What investors need to know about infrastructure projects in Brazil
Article 3 minute read

What investors need to know about infrastructure projects in Brazil

04 April 2019

Infrastructure investments in Brazil are at the top of the agenda of the new president. This opens many opportunities for private investors to take part in projects across sectors, like airports, railroads, highways and ports.

The last eight years were lacking in strong investments but now with the new government and more competition for commercial banks to become lender plus a much smaller lending role for The National Development Bank, BNDES, the government is hoping to attract local and foreign investments. The government knows the importance of approving the social security reform which will not only reduce the country’s deficit but also indirectly lead to more available funds from the pension plans to be invested in the capital markets and on long term investments.


Energy is a mature industry in Brazil with steady cash flows and relatively easy access to credit. Most of the project, especially in renewables, have been financed by BNDES. We expect projects to continue to be financed in local currency by local banks.

Airports and ports

In Brazil, the most opportunities for infrastructure projects currently are in the country’s airports and ports.  The federal government has put a lot of focus on these projects and has recently (and successfully) auctioned several regional airports. These were auctioned to different global airport servicing companies resulting in a huge win for the country in terms of improving infrastructure.  The market is already growing and Brazil is optimistic for the future of these types of infrastructure projects.


The financing of projects is expected to change in Brazil. The National Development Bank (BNDES) has been the main source for financing projects in Brazil but has stated they don’t want to be a lender of choice anymore. Instead, they want to promote and facilitate investment without acting as sole lender. BNDES is very important for the country. It is responsible for 50% of the energy expansion and has financed 70% of all renewable energy projects. In transportation almost everything has been financed by the bank. The bank has, over the years, structured financial mechanisms for the entry of the private sector in long-term financing. BNDES’s new role will have a big impact on the local lending and borrowing environments and could even help projects get financing faster from commercial banks.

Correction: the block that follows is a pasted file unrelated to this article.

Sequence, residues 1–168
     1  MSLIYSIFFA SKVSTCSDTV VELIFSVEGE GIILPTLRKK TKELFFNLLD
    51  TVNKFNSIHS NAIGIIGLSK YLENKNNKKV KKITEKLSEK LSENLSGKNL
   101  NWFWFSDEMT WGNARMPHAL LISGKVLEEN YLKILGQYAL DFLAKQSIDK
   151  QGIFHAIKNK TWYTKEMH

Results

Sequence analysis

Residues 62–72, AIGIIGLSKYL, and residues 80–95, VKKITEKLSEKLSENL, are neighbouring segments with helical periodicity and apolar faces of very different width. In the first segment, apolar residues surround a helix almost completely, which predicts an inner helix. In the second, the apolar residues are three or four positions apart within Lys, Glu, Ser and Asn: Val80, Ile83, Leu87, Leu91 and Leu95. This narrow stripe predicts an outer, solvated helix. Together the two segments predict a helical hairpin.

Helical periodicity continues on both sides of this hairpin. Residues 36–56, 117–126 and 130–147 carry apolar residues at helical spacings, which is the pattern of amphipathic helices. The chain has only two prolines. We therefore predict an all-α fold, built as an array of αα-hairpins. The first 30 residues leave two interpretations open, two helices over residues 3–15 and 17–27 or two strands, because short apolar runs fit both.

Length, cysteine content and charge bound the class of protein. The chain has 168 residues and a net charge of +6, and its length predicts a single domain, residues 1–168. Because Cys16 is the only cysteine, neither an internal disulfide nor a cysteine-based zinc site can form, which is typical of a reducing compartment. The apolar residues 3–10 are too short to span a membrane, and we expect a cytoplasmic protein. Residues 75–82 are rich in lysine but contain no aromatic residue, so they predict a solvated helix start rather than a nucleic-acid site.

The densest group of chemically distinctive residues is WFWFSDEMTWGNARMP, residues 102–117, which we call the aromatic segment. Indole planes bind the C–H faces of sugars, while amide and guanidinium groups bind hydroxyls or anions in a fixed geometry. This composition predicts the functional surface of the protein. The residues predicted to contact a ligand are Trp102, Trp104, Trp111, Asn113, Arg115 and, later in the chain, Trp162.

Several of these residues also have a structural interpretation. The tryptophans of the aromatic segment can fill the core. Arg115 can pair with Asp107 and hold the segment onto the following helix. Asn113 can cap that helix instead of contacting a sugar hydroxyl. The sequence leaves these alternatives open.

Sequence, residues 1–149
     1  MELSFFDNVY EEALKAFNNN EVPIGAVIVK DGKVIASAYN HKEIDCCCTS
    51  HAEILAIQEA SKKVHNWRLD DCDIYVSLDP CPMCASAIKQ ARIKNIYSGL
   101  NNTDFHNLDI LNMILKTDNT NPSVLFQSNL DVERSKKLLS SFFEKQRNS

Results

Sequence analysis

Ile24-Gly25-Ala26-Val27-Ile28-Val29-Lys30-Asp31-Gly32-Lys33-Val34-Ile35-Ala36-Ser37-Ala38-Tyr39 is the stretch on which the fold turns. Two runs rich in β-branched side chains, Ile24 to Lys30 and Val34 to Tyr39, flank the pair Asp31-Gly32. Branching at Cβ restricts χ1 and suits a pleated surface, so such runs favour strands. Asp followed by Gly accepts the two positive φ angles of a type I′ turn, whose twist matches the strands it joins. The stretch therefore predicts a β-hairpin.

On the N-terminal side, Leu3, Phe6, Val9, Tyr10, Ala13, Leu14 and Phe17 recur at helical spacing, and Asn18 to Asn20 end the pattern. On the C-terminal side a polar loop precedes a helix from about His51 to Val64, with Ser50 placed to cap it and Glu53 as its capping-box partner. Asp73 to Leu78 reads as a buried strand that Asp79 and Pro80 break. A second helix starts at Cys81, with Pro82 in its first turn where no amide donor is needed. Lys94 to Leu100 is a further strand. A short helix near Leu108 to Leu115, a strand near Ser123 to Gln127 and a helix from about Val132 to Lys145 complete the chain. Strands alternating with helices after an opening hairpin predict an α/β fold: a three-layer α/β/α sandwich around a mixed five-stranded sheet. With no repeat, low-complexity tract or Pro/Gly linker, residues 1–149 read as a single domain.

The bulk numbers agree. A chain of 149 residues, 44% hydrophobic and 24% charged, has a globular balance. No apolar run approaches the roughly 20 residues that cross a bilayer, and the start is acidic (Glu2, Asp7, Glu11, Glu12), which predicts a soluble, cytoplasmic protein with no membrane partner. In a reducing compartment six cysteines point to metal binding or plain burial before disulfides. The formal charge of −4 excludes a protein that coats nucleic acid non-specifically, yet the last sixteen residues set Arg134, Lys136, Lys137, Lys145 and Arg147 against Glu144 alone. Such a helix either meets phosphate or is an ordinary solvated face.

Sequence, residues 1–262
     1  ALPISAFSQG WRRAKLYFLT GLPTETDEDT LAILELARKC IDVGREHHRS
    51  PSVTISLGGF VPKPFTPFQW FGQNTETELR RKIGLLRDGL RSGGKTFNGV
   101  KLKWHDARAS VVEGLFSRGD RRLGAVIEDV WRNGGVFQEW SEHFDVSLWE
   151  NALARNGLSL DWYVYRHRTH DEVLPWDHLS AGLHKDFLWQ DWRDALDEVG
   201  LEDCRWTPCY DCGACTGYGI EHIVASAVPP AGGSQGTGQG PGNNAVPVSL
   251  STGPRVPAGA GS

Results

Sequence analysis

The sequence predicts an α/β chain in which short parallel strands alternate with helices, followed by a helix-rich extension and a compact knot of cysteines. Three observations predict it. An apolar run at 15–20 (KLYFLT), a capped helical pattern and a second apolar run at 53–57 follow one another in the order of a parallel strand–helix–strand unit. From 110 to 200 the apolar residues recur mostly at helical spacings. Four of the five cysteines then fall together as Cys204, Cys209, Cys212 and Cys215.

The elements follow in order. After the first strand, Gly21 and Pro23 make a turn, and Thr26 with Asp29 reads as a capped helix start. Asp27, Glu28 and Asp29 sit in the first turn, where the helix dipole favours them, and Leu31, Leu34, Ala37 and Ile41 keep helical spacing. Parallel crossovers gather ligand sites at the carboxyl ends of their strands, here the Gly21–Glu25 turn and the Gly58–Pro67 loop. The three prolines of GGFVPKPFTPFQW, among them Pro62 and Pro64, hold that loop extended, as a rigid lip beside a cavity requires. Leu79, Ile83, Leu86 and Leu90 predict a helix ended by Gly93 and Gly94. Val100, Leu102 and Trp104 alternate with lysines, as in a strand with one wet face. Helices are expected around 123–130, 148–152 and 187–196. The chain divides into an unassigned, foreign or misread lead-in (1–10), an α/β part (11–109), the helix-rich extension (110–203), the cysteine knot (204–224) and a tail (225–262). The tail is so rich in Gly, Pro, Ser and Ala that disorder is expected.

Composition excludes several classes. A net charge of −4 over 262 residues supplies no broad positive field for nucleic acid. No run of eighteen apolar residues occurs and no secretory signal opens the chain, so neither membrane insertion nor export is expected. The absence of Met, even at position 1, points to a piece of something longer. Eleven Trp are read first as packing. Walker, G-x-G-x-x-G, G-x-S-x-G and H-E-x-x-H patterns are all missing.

With this change, there are questions about what would be the optimal financing model for new projects.  There are possibilities of the project being 100% financing by a private bank or a mix of international funds and local funds. These choices all depend on the project’s characteristics and sponsors.


For the last thirty years, the biggest sponsors of infrastructure projects in Brazil have been the local construction companies, most of them  involved in Lava-Jato. This is no longer the case and the Brazil is already seeing a new wave of sponsors that are coming in from all around the globe from France, China, Japan and Canada.  This will open doors for more projects and economic growth in the country.

Challenges in the market

There can be some challenges when it comes to financing local projects in foreign currency one of which being the cost of hedge for these projects. Some of the legal framework surrounding infrastructure concessions can lead to tricky situations for investors.  The lack of standardization in contracts and the roles of agents in Brazil for all projects can also be a huge challenge for investors.

TMF Group

Investors looking to the Brazilian market should have a trusted partner to help establish and manage a Special Purpose Vehicle (SVP). TMF Brazil can help with all foreign and local investment needs. When it comes to complex financings, we have the expertise to access collateral agents in multiple countries around the world. Our global advantage makes it so we can handle any transactions that will depend on local and foreign currencies. Talk to us

Written by

Karla Fernandes

Managing Director and Head of Capital Markets Services

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